Summary: This paper proposes that a reaction-less (in the Newtonian sense) space drive thruster can be created by leveraging the Coriolis and Euler accelerations that are present within a rotating free vortex flow to provide a coherent thrust vector. The hurricane is utilized as an example of this phenomenon. The configuration and basis of the underlying physics is discussed and utilized to support the proposal.
If humankind is ever to be a space-faring society, it must devise a more efficient and effective propulsion system for use in spacecraft. Almost all of the techniques for interstellar travel under consideration today rely on the rejection of mass from the vehicle, and while that technique is moderately effective in lifting objects off from the surface of the Earth, as a strategy for interplanetary and interstellar travel, it is woefully inadequate. This article will propose a new propulsive system, based on leveraging the internal dynamics of vortex flow as a means to create an acceleration vector and thereby, thrust, in a system that can recycle the mass used to drive it by reacting against the planar aspects of the flow. In this sense, it is a non-Newtonian drive.
Vortex flow systems are not very well understood. Perhaps it is due to the fact that they are hard to generate and maintain for study in the laboratory or maybe that lack of knowledge is related to the static Euclidean type geometry that we generally use to define space. In either case, the fact is that we lack good theories and practical knowledge regarding the vortex, which is an extremely common form of nature in the universe that we inhabit.
A vortex is, by its very definition, a three dimensional phenomenon. It has two central features: a whirling planar flow that is concentrating to or dispersing from the middle and a central core which projects out from the plane of rotation at roughly a 90o angle as shown in Fig. 1.
Figure 1: The basic shape of a Vortex
There are many examples of free vortexes in everyday life, but some of the most common and distinctive examples are: tornados, hurricanes, water draining from a sink and a stirred container of liquid. Each of these examples has the same basic functional form, although they vary in rotation direction and the orientation of the core column with respect to the spiral field. In this paper, only the form that is most relevant to the topic will be discussed, and that is: the hurricane.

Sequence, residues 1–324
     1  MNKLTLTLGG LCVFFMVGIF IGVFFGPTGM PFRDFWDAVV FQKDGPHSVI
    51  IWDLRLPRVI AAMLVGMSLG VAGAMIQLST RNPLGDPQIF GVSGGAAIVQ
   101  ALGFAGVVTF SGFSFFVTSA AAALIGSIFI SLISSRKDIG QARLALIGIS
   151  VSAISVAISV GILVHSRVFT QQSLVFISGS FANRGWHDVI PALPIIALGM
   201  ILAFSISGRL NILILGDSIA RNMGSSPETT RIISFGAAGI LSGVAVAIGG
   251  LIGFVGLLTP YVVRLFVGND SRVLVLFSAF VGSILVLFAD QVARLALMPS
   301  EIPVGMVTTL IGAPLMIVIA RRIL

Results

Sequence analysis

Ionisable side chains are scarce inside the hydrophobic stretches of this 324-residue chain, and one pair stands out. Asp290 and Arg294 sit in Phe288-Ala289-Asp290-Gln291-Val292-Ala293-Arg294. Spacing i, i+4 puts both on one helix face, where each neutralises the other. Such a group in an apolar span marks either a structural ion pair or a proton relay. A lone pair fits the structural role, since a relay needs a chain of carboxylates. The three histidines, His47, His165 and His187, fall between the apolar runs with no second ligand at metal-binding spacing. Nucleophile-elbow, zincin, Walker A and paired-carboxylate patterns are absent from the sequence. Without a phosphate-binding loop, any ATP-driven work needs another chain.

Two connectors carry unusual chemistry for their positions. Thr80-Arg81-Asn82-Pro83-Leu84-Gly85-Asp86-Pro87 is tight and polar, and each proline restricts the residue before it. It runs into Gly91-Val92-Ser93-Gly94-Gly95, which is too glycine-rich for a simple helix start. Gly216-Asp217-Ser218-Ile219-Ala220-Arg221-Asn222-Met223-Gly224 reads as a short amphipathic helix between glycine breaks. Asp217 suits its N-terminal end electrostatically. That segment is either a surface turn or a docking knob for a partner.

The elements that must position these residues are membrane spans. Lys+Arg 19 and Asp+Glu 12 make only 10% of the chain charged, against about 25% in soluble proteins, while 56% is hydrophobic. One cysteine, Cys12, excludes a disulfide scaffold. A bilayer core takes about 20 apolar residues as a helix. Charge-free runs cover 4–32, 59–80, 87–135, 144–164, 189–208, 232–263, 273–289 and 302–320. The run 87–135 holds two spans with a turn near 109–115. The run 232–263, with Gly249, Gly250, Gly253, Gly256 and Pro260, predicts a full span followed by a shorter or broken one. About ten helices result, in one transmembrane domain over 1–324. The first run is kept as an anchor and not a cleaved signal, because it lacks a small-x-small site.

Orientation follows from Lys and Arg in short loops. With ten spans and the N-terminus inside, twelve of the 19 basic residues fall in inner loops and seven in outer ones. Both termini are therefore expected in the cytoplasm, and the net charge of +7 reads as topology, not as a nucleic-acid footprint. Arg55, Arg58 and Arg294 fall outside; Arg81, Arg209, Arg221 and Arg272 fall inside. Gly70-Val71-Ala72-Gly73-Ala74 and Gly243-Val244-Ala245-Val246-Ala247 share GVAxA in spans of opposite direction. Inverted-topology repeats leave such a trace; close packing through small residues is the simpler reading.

Hurricanes are by far the longest lived and most stable of the vortexes. The ‘Red Spot’ on Jupiter is presumed to be of that form and has been observed in continuous existence for hundreds of years. On Earth, hurricanes are almost exclusively an oceanic phenomenon, because only the ocean can provide the raw thermal power required to maintain and develop the flow characteristics necessary to create and feed one. Hurricanes are formed when a large body of hot air over the ocean starts rising to the stratosphere. This rapidly rising air creates a rising column and a low pressure cell below it that draws in air from the surrounding lower level atmosphere to replace that which is rising. As this air is pulled across the surface of the ocean, it picks up both heat and humidity, which in turn augments the process.
Since the Earth is a rotating system and the column is somewhat localized, this rising air creates a coriolis effect on the flow as it attempts to refill that low pressure zone and the air starts to swirl, forming the characteristic spiral that we have come to associate with such storms.
As this moving mass of air swirls toward the center, something amazing happens. At a certain point, when the air achieves a critical velocity, it stops moving inward and forms a discrete structure that continues to extend upward without continuing to expand or contract, creating what we call the “eye wall”. This column is enormous (see Fig. 2, below)
Figure 2: A diagram and relative scale of the Hurricane Eye
Rising almost 15 km (48,000’) above the seascape, it is the singular feature that defines and distinguishes the hurricane from the lesser storms. The Eyewall provides a stable core that allows the hurricane to become an organized entity, one that is coherent, long lived, independent and dangerous. It is there that the highest speed winds reside, as they whirl about with velocities greater than, for a Class 5 hurricane, 249 kph (155 mph).
These winds carry a tremendous force and can take roofs off of entire commercial buildings, completely destroy mobile homes and whip up the ocean to devastating heights with surge levels exceeding 6 meters with the low pressure at the core. The amazing thing is that for the life of the hurricane, these powerful winds continuously circle in a relatively tight band (30 – 60 kilometers in diameter) around that core, leaving the very center calm and, because the air currents tend to disperse at the top, clear and sunny. See Fig. 3. How is it that these winds can be contained to make such a thing possible?
Figure 3: A Space eye view of a Hurricane